The Higher Education Opportunity Act (Public Law 110-315) (HEOA) was enacted on August 14, 2008, and reauthorizes the Higher Education Act of 1965, as amended (HEA). HEOA provisions mentioned in the letter took effect July 1, 2010, and provide more guidance to colleges and universities on steps they can use to discourage peer-to-peer file sharing and illegal downloading.

The letter provides several areas of functional requirements and reporting/metrics that colleges and universities must implement to continue receiving federal funding. Managed services will provide support for most areas of functionality described: bandwidth shaping, traffic monitoring, and responding to Digital Millennium Copyright Act (DMCA) notices. The suggestions that institutions provide a means of automatically blocking illegal file sharing are currently difficult to implement  as file sharing apps evolve much faster than corresponding blocking technology.

IP Addresses and Contingent Liability
The DMCA gives service providers “safe harbor” from claims of copyright infringement if they “cooperate” with copyright owners’ attempts to protect their intellectual property. In most cases, cooperation means informing subscribers of violations and terminating “repeat offenders.”  Managed service providers will include an infrastructure-based messaging system that will temporarily remove residents from the Internet to issue abuse warnings and collect appropriate responses.

But many providers that serve residents of multifamily properties use Network Address Translation (NAT) instead of public IP addresses to identify their subscribers. Without some other means of identification, it is usually very difficult to identify a specific abuser unless he or she has a public IP address. When the ISP gets a DMCA notification for copyright infringement, its ability to locate/isolate a specific abuser will usually end at the Dynamic Host Configuration Protocol (DHCP) server. This exposes the ISP to potential liability for the violation because they cannot “cooperate” with copyright owners.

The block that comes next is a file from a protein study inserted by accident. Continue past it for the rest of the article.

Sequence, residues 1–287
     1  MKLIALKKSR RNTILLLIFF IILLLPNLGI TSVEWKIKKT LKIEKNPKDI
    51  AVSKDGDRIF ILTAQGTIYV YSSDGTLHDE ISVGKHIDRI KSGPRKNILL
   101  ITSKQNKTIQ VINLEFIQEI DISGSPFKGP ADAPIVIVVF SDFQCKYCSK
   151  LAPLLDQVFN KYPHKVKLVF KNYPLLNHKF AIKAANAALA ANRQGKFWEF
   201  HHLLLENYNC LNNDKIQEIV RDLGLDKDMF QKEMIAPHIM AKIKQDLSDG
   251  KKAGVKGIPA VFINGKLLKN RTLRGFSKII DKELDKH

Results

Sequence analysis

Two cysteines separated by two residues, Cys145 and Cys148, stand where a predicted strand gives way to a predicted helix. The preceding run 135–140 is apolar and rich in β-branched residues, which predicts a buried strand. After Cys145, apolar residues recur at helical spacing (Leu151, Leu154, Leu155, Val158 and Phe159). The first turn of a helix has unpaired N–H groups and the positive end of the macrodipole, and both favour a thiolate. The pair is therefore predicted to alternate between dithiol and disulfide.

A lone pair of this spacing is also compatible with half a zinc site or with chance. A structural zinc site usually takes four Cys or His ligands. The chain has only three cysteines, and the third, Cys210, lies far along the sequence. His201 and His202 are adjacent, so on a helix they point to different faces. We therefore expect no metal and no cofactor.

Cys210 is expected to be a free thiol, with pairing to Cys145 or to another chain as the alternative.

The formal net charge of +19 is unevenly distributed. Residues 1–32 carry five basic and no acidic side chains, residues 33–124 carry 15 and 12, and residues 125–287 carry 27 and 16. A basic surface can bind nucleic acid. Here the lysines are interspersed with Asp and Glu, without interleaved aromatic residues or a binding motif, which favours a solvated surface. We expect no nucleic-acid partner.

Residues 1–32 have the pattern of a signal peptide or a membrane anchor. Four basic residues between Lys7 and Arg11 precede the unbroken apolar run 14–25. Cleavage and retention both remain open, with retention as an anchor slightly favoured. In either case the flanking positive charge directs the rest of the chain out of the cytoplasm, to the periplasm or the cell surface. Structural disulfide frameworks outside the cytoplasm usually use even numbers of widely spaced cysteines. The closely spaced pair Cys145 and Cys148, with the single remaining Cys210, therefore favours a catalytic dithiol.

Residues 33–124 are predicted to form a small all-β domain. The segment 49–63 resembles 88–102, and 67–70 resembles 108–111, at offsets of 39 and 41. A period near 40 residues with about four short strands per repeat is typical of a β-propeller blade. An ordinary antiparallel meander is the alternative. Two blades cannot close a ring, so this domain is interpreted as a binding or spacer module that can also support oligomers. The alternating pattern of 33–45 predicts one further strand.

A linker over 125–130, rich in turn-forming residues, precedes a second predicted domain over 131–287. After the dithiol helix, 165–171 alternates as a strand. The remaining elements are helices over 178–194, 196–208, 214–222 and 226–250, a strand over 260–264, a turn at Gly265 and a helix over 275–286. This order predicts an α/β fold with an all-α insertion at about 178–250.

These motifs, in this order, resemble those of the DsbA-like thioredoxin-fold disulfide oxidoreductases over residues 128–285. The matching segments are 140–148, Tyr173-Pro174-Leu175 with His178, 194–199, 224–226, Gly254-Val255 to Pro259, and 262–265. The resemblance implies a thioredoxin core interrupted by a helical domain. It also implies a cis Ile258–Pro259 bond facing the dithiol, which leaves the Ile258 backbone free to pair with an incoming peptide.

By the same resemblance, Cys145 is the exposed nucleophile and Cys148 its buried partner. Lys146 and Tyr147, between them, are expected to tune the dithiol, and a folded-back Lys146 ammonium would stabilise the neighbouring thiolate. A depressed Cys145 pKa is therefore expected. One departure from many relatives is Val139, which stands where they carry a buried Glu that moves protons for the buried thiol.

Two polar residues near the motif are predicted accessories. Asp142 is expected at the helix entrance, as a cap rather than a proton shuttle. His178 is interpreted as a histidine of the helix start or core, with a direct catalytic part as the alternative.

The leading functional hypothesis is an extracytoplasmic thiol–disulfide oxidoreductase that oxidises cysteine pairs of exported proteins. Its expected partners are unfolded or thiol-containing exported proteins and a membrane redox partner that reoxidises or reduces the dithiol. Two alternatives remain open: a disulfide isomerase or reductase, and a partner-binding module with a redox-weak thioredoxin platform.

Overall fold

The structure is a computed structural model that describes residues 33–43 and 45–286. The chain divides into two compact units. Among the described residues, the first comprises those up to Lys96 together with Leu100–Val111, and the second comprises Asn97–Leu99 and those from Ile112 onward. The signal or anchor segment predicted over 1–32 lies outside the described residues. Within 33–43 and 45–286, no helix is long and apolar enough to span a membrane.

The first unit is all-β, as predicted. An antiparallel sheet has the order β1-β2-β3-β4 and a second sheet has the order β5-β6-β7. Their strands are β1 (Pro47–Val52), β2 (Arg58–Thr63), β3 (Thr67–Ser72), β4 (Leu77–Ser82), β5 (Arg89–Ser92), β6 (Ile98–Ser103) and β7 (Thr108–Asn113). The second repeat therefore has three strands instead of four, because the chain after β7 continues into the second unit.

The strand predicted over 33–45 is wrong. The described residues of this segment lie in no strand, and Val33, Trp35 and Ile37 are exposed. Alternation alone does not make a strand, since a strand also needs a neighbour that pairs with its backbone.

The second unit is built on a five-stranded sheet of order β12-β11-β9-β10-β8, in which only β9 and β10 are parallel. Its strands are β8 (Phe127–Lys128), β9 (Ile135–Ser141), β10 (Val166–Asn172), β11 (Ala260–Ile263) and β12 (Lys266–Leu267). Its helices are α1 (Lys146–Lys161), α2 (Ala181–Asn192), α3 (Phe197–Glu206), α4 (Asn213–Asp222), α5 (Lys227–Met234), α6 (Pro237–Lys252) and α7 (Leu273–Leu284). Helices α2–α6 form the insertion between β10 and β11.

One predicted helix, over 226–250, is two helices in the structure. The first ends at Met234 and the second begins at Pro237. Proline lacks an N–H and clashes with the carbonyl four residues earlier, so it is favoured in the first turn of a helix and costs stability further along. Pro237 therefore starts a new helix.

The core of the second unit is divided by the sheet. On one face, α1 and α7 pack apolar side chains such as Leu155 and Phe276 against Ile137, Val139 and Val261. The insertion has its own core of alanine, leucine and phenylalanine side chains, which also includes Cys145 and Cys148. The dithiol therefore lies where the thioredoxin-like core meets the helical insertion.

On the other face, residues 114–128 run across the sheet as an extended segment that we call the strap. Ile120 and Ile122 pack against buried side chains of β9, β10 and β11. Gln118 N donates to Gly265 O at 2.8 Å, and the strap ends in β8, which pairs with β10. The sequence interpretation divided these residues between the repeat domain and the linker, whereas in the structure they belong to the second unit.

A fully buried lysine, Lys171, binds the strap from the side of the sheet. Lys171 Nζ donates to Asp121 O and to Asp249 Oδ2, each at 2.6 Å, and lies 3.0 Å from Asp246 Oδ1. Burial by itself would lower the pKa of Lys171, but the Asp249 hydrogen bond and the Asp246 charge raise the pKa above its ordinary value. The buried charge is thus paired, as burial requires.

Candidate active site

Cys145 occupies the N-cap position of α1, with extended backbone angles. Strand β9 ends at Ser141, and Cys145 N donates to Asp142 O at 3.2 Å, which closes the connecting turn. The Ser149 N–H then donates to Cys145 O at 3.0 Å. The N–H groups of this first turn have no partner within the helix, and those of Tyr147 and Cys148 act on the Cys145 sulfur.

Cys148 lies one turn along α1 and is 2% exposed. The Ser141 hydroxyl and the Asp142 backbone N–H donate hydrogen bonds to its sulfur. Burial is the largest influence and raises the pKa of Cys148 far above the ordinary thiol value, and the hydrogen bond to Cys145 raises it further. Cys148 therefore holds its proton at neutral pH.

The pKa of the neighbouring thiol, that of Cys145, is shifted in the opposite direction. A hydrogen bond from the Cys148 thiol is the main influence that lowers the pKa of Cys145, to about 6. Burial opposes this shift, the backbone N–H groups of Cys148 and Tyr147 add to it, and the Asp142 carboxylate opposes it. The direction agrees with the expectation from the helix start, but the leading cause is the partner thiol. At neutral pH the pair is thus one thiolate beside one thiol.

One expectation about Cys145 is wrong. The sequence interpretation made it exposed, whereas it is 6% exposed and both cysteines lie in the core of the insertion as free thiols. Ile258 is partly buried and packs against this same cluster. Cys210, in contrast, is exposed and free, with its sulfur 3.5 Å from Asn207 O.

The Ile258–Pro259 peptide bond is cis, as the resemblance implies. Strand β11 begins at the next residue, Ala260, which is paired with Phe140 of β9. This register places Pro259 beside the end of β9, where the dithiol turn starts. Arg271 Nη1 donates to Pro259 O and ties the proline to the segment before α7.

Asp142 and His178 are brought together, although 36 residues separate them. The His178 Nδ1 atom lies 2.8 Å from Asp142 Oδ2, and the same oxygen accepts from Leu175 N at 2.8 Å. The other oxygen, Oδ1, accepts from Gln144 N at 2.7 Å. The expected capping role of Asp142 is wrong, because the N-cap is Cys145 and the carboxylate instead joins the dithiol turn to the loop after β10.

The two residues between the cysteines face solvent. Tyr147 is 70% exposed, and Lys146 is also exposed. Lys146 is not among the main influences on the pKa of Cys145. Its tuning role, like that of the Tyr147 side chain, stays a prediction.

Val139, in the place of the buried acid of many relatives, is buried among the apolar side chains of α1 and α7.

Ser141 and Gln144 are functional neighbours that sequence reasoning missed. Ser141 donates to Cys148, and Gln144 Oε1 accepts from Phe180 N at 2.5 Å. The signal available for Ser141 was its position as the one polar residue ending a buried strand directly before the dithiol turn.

Future Proofing
Current market trends are driving demand for much more reliable, stable broadband access to the Internet at speeds of 4 Mbps x 4 Mbps or higher for the average user. The movement of the FCC toward net neutrality and the rapidly growing number of Internet-based video channels promise to bring about the long-awaited shift to new Internet-based sources of video content in an extraordinarily short period. Ramifications for the multifamily industry will be widespread and significant. These include:

• Lower-priced, ubiquitous sources of Internet-based video: The resulting competition from an increasing number of providers like Hulu and ABC.com will drive pricing down for all forms of video distributors.

• Rapid increase in the volume of constant-bit-rate Internet traffic: As constant-bit-rate traffic (consumption of online music and video) increases as percentage of total Internet traffic, bandwidth oversubscription models will be stretched to the breaking point. This should result in an unexpected increase in bandwidth revenue for existing service providers as they move towards metered services.

• Emergence of the megabit hour: With the increasing tide of constant-bit-rate traffic, service providers must begin changing the bandwidth vernacular. The days of promoting asymmetrical bandwidth in one-dimensional terms is waning. The demand for constant-bit-rate services will usher in a new generation of advertising and promotion of the merits of volumetric bandwidth measurements like the “megabit hour.”

• Diminishing availability of public IP addresses: As the Internet population increases, Internet-based theft will increase. One of the principal enforcement mechanisms for policing Internet practices is the assignment of public IP addresses. Access to public IP addresses is becoming increasingly difficult for many service providers. With the increase of global Internet usage, many technologists are urging the replacement of the current source of IP addresses, Internet Protocol version 4 (IPv4)  with a larger potential pool of IP addresses enabled by IPv6.

Conclusion
The rapid evolution of the Internet will make the design and management of networks for higher occupancy facilities like multifamily complexes more problematic and time-consuming. The cumulative effect of current trends is rapid increase in demand for a ubiquitous form of managed services. The good news is that many of the mainstream ISPs including most of the cable companies already beginning to offer managed services.